Amid rising attacks on queer life, history provides a clear message that LGBTQ+ students are not alone, especially when educators spotlight local stories from their region. The history of sexuality in the United States overwhelmingly focuses on the urban North and West, and many students outside coastal cities are still shocked—and energized—to learn that queer people have existed for centuries in the places they live, work, and play. I organized this course around our region, where a surge of scholarship has restored queer southerners to the historical record. In a shared resource document, I linked to every Texas and southern digital queer archive I could find online, as well as broader local and regional databases that contain queer sources (such as the Dallas Morning News archive) and large nonsouthern queer archives that include Texas or southern sources.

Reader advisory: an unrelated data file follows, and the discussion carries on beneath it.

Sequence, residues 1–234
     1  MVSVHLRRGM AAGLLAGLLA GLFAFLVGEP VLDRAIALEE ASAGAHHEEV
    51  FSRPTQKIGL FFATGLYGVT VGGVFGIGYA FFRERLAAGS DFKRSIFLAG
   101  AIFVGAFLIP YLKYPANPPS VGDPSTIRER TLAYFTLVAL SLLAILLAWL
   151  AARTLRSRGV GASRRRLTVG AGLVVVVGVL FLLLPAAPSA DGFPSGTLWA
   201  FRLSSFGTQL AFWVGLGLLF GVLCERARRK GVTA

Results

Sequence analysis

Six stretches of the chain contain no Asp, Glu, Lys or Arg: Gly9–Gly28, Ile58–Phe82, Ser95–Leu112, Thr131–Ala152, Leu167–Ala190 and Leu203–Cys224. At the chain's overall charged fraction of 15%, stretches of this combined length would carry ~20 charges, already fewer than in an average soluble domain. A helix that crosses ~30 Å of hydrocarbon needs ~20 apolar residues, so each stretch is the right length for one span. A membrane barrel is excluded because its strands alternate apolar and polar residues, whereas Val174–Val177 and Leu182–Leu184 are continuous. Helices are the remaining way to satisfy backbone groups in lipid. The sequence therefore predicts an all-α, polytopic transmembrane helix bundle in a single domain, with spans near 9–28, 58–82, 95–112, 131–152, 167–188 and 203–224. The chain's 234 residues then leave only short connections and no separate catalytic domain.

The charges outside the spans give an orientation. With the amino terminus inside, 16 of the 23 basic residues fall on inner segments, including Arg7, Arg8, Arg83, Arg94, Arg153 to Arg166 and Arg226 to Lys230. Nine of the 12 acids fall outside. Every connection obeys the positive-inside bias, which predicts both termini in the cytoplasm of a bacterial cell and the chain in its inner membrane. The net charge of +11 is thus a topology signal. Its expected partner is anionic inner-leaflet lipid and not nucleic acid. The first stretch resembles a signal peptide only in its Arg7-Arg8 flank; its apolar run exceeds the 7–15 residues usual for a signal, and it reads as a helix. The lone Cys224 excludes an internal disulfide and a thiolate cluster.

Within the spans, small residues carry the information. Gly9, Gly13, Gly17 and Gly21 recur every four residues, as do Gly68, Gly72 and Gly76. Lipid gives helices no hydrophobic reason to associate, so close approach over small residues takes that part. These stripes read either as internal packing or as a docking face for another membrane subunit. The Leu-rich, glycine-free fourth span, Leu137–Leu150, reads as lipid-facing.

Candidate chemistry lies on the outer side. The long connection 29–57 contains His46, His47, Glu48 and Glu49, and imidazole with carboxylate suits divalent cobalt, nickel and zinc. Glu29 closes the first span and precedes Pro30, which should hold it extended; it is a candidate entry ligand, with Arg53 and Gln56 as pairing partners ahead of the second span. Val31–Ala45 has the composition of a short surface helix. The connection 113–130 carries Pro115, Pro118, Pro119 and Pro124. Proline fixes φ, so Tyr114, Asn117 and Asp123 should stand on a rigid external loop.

By keeping the course’s scope regional, students searching for elusive sources on gender nonconforming people in the 19th century, queer zines, LGBTQ+ civil rights activists, or lesbian mothers’ custody battles could cast a wider research net. At the same time, the geographic focus enabled students to find meaning and purpose by merging their interests with their city. For their projects, students created liner notes for a compilation album of women’s music presented by Little Feather Productions, a volunteer-run concert promotion group in Dallas from 1979 to 1992; a documentary about the gay Dallas activists who waged a successful battle to expand care at a local hospital for people living with AIDS; and two exhaustive maps, both digital and hand-drawn, of lesbian bars in Austin, which are now extinct in the city so famous for its inclusive vibe. The key takeaway is to strike a balance in the research scope for students: broad enough to ensure availability of historiography and primary sources, while offering a frame tight enough to encourage students to start where they are in their search for as-yet-untold queer pasts.

The Power of Public History